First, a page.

dot 30: fear

What if we thought of fear as an amazing act of the imagination?

– Karen Thompson Walker –

It’s hard to ignore the gnawing of (artistic) fear in my head at times. Not long after an initial mark-making of sorts, fear starts seeping into my mind. The result of this ever-encroaching problem is that I start fearing the result this may have on my creative process. And, as most creatives know, fear is the creative straight-jacket.

Any one that has ever raised a young child will remember the ease at which young children draw their inner stories. And, even though their fears are often extraordinarily vivid, the young possess the ability to link fear and imagination in a positive and productive way that propels them forward in play.

The novelist, Karen Thompson Walker, explores how fear propels imagination as it forces us to imagine possible futures. Instead of needing to ‘conquer’, ‘fight’, ‘discard’ or ‘overcome’ fear, Walker asks us to looks at fear in a fresh way which invites us to think of fear as stories. Sharing the same architecture, both fear and stories have characters (us), plots (life), vivid imagery, suspense, and most importantly, that time is projected forward by the question: ‘What will happen next?’

This takes me to the most interesting part of what Walker has to share:

If we think of our fears as stories, we should think of ourselves as the authors of those stories. But just as importantly as the readers of our fears.

To be honest, I have never considered reading my fears. Like many other people on the planet, I have been encouraged to understand fear as a hurdle to overcome. For me, the act of reading conjures up images of slow-time, openness, expectancy, relaxation, enjoyment, exploration, immersion and listening to what the author has to say. This is not a place of restriction, but rather one of learning and listening to what is to be read.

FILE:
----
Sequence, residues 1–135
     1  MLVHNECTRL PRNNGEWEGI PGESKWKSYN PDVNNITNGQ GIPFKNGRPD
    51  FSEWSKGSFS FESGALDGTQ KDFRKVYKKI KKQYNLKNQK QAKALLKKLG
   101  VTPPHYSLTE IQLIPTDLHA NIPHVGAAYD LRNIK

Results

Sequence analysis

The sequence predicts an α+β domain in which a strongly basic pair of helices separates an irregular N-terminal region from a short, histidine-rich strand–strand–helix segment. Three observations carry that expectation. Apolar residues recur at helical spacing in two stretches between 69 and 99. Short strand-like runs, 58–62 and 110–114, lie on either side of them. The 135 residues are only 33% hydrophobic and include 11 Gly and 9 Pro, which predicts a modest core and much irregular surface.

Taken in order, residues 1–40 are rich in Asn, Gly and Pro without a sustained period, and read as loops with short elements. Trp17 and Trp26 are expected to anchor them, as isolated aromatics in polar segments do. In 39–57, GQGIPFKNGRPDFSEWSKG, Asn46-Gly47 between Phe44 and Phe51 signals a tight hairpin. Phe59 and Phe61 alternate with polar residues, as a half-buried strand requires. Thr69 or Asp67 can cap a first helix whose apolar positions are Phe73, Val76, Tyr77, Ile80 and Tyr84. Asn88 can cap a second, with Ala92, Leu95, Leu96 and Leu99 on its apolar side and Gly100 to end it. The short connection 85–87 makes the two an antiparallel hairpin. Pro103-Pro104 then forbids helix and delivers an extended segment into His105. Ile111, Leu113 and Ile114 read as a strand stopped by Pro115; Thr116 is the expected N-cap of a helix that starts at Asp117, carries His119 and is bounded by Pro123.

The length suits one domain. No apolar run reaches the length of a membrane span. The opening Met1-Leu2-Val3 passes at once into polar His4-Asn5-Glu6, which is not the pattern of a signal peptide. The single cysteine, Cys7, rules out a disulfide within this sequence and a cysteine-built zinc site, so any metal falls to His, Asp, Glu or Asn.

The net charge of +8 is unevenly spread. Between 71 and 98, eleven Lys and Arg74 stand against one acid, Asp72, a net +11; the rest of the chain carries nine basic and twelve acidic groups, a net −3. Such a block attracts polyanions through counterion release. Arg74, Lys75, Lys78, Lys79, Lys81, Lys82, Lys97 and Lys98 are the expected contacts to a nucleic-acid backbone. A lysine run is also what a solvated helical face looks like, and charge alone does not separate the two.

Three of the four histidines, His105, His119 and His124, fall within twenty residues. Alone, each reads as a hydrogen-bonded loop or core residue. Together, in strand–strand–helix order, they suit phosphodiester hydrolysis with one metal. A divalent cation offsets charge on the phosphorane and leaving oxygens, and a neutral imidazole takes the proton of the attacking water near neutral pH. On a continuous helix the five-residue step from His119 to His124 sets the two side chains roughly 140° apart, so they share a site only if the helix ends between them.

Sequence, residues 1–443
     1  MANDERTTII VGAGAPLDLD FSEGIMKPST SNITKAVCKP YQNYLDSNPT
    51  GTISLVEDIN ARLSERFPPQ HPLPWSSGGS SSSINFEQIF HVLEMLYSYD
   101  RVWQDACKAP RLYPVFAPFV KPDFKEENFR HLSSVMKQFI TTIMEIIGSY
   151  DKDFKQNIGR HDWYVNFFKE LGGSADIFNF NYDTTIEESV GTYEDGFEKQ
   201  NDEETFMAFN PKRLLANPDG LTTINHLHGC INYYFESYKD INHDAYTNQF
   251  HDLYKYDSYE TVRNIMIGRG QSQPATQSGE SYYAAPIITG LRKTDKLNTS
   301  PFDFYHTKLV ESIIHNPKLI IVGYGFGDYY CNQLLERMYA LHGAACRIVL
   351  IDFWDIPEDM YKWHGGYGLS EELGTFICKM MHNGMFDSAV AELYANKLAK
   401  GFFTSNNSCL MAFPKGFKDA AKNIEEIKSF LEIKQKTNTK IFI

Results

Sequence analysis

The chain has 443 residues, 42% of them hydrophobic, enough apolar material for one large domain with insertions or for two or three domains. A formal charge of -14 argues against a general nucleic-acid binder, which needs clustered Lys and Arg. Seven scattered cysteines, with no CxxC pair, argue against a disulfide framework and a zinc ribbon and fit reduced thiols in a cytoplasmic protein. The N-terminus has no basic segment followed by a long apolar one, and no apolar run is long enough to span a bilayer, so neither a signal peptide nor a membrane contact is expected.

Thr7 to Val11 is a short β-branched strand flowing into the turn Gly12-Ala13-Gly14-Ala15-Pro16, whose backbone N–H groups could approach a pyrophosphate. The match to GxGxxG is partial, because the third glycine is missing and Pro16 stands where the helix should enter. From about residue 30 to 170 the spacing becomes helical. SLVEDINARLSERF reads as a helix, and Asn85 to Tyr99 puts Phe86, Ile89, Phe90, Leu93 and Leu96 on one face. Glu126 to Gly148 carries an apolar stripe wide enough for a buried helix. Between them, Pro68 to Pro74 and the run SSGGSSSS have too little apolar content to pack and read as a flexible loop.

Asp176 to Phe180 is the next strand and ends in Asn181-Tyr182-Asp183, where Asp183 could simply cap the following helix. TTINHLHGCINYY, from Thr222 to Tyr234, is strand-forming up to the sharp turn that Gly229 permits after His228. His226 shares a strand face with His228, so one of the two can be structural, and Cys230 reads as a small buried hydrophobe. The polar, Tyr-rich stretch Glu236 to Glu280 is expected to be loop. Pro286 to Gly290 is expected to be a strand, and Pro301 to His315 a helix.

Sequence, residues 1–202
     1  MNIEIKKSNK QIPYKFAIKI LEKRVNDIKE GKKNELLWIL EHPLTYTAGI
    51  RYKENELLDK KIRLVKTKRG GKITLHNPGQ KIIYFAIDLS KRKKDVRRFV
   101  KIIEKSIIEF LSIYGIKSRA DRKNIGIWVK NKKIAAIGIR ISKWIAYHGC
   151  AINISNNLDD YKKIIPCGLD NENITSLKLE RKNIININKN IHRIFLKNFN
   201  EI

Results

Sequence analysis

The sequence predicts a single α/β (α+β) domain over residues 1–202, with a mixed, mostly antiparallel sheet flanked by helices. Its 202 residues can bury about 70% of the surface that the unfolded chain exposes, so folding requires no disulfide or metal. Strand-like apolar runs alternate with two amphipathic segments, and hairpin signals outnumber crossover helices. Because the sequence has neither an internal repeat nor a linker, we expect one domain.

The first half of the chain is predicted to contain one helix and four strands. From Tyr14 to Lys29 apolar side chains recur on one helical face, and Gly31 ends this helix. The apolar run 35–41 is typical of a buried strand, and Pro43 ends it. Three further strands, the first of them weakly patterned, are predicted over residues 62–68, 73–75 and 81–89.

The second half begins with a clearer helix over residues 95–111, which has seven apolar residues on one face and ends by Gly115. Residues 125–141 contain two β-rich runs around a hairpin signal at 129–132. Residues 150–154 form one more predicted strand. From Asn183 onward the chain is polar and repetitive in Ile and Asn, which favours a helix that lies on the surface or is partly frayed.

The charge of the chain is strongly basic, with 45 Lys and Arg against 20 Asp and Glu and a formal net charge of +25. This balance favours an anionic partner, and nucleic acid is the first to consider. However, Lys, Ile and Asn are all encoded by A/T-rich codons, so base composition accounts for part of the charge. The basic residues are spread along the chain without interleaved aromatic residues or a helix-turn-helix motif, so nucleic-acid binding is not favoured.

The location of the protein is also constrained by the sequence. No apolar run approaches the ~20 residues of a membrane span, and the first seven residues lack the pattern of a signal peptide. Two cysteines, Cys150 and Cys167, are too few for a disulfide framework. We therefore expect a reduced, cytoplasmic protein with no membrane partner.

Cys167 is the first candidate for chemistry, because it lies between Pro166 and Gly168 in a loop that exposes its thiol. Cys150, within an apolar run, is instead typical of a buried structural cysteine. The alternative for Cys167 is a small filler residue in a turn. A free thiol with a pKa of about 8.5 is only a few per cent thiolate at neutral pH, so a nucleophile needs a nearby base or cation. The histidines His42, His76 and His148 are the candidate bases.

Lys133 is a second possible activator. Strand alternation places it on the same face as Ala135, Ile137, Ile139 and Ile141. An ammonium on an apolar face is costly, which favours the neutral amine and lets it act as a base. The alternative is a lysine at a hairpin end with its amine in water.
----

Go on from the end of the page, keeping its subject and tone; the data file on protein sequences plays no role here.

The painter Lisa Golightly (USA) says that fear propels her beyond and into future imaginative spaces. Reading what she has to say about the work of creativity (‘Don’t put up barriers that aren’t there – just get to work and make something’), Golightly has the combination of temperament that Walker says a good reader requires: the passion of the artist as well as the head-space of the scientist. Golightly is clearly both author and reader here. Following her lead, I am reminding myself of the following as I work on canvas for the first time in 20 years:

A college professor once told me that if I was afraid of something, that meant I had to do it , and that has basically shaped my life.

Reading one’s artistic fear thus becomes ‘am amazing act of imagination’ as Walker predicts.


  • Lisa Golightly:
  • In Creative Block (2014) edited by Danielle Krysa, Chronicle Books LLC ISBN: 978-1-4521-1888-8


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